It’s good to look to the past every so often

Kate Livingstone
Kate Livingstone

A friend of mine teaches music at high school, and usually has a good tale to tell when it comes to the classic things that come out of youngsters’ mouths.

Notable quotes in the past few months have been, “Who’s Elvis?”, “Do you not just get pitch in football” and “Isn’t Simon Cowell an example of a Baroque composer?”.

But the latest pearls of wisdom from her pupils has made her a bit mad.

While teaching a class about musical notation, one eager student commented that a sharp symbol was, in fact, a hashtag.

Trying to compose herself, she said, through gritted teeth, that the sharp had been around slightly longer than Twitter’s hashtag and deserved a bit more respect.

It seems strange, but let’s face it, what is current is king.

What’s being talked about or apprecriated right here and now is always going to be appealing that something you have to scrape the dust from, regardless of merit.

That’s why I’m so happy that, especially this week, the past is on everyone’s lips.

Locally, nationally and international, the 100th anniversary of the start of the Great War has been given the enormous amount of respect and coverage it deserves.

I’ve enjoyed watching all of it, both personally at local war memorials and reading reports of commemoration services further afield.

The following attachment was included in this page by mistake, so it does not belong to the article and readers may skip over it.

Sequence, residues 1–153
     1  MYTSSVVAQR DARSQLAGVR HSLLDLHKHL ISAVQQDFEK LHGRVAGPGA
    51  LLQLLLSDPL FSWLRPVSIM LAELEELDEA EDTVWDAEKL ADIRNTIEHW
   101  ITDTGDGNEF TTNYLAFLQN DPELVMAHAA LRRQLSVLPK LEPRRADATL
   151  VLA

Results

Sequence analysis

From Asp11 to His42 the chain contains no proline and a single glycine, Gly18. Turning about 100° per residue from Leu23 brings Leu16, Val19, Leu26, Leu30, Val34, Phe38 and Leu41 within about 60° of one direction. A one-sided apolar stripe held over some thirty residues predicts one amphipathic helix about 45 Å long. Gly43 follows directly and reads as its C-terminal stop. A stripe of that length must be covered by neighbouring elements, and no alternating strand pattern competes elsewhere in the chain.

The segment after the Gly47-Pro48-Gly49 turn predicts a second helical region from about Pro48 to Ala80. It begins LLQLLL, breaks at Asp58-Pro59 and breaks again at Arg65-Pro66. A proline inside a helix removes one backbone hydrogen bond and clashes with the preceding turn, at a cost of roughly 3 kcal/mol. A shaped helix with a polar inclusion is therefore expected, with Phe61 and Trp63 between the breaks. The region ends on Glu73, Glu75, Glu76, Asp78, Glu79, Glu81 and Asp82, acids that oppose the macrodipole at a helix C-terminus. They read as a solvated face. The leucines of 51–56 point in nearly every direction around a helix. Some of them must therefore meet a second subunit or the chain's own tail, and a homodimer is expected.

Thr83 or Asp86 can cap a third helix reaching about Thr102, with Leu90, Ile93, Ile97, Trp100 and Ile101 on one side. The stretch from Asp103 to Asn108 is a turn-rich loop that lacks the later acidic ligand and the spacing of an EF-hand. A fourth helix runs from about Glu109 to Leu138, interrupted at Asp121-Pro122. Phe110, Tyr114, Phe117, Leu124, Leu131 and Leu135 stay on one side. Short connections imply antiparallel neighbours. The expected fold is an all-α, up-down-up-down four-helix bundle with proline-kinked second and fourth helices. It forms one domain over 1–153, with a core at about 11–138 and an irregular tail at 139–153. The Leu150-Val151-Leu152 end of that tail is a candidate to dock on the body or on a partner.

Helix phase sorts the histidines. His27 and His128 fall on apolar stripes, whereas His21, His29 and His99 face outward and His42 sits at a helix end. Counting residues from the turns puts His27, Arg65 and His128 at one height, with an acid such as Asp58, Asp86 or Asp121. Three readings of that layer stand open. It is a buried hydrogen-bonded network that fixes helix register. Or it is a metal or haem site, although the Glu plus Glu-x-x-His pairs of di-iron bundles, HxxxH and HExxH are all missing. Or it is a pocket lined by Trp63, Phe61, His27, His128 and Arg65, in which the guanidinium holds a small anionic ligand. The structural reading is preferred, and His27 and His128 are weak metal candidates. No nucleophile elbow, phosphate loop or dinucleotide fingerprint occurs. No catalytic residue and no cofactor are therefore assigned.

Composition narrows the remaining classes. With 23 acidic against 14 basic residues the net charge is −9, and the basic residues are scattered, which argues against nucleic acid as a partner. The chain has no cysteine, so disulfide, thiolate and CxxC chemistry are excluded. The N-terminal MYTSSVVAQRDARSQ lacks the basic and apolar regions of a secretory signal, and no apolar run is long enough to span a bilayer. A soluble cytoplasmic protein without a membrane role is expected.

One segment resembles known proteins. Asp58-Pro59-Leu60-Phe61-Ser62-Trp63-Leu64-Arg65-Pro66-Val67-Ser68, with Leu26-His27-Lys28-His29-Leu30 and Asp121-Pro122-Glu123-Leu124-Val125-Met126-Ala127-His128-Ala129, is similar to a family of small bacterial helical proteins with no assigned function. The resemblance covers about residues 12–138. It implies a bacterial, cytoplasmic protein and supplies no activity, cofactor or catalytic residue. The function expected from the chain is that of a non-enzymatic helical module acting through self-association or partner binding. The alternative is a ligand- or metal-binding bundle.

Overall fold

It’s been an anniversary that was always going to be moving, particularly for those whose fathers and grandfathers never came home from the war.

But it’s been heartening to see so many young people involved in the centenary.

They are even asking questions about what happened, although the real answers are far beyond their comprehension.

But they always surprise you with what they have actually taken in.

Even my tot grandson, who usually only talks about Star Wars, is proudly wearing a poppy and says it’s to remember the “old soldiers”.

He even knows a bit about trench life, although I think he believes some of them are still there.

But these are things that matter, these are that stories that endure.

Just like a music sharp, what’s really important is going nowhere.